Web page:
Football: Reynolds, Navy overpower UConn early en route to 28-18 victory


UConn football safety Andrew Adams sits on the sideline as head coach Bob Diaco talks with the defense during the Huskies’ game against Navy at Pratt & Whitney Stadium at Rentscher Field on Saturday, Sept. 26, 2015. UConn lost 28-18. (Bailey Wright/The Daily Campus)

EAST HARTFORD — The UConn defense had no answer for Navy’s triple-option offense during the first half of Saturday’s game.

Unlike two weeks ago against Army when the Huskies were able to decipher the puzzling code that is the triple-option offense, Navy ran it differently. It was faster and much sharper.  

Unfortunately, by the time the Huskies were able to settle down on the defensive side of the ball and figure Navy out, it was too late. 

Led by senior quarterback Keenan Reynolds, the Midshipmen gained 343 yards of offense — 303 on the ground — and defeated the Huskies 28-18 in front of 33,204 at Pratt & Whitney Stadium at Rentschler Field. 

“It was and is the strongest Navy offense that I’ve had an opportunity to watch,” UConn head coach Bob Diaco said. “They basically have 19 or 20 seniors in their offensive two-deep. So they don’t miss a read, they don’t miss a fit, they don’t miss a window.”

Navy (3-0, 2-0 the American) was nearly perfect in the first half. 

The Midshipmen scored touchdowns on all three of their possessions in the first half, taking time off the clock and keeping the UConn offense off the field. The Midshipmen had scoring drives of 62, 85 and 77 yards. All three drives in the first half took up a combined 15:33.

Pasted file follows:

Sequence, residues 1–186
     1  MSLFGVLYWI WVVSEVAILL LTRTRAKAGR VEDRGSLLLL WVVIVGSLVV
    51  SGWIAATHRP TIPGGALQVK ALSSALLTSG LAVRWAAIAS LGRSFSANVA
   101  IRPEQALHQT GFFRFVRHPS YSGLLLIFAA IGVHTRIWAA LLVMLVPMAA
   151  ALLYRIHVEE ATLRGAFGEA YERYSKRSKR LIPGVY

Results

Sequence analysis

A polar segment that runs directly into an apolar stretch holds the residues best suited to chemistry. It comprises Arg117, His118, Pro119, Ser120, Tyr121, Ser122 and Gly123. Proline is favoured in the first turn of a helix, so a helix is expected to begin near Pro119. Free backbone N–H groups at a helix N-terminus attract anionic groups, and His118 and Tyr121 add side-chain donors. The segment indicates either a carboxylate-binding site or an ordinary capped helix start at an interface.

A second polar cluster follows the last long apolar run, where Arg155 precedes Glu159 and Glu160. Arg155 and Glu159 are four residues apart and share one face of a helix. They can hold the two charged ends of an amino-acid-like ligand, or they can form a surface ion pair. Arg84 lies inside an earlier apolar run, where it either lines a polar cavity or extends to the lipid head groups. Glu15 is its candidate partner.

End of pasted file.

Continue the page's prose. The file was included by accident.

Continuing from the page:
In the first half, Reynolds had two rushing touchdowns and threw another to Jamir Tillman. Navy was 5 for 5 on third down conversions. They made the all the right plays when they had to.  

“It was huge. If you have high third down efficiency, you are going to do very well offensively,” Reynolds said of the team’s success on third down. “It means that overall, you are going to be very efficient. To be able to convert on those third and mediums, it’s a big deal.”

UConn captain Andrew Adams said that even though they got Navy in a lot of third down situations, at the end of the day they didn’t make the stops on fourth down when they needed to. 

The Huskies, which allowed 126.3 rushing yards per game prior to Saturday’s game, allowed 190 rushing yards in the first half, 90 of which came from Reynolds.  

Navy led 21-10 at halftime. 

In the third quarter, the Midshipmen had the ball for 11:04 and didn’t allow the UConn offense to see the field. Neither team scored in the third quarter and although the Huskies outscored Navy 8-7 in the fourth quarter, UConn (2-2, 0-1 the American) never really had a chance due to Navy controlling the tempo.

Navy gained 124 yards of offense in the second half. Their one touchdown in the fourth quarter came on a 4-yard run from Reynolds. 

Reynolds finished the game with 142 yards rushing, 40 yards passing and accounted for four touchdowns (three rushing, one passing). He now has 73 rushing touchdowns in his career, good for a tie for second on the NCAA all-time list. He is four away from matching Montee Ball’s (Wisconsin) record of 77.

His 100-plus rushing yards also marks the 16th time he has rushed for over 100 yards in his career. 

Diaco spoke very highly of Reynolds after the game, but also mentioned that the offensive system he plays in allows him to be so successful.

“I think you’re looking at a grown man who’s taken thousands of snaps in game,” Diaco said. “He’s a senior. He’s a talented player, but he’s an experienced player in that offense and time in it. That really makes a difference for that position.”

Reynolds has scored three or more touchdowns in a game for a NCAA record 15th time. 

Chris Swain was the second leading rusher for Navy, running for 58 yards (43 in the first half). 

The Midshipmen finished the game 8 of 12 on third down. 

“We had to start fast and we didn’t,” UConn sophomore linebacker Junior Joseph said. “With that type of offense, you have to settle in fast and if you don’t settle in fast you get in deep behind. When you’re behind dealing with that offense it’s hard to get back.”

Matt Zampini is sports editor for The Daily Campus. He can be reached via email at He tweets  @Matt_Zamp.

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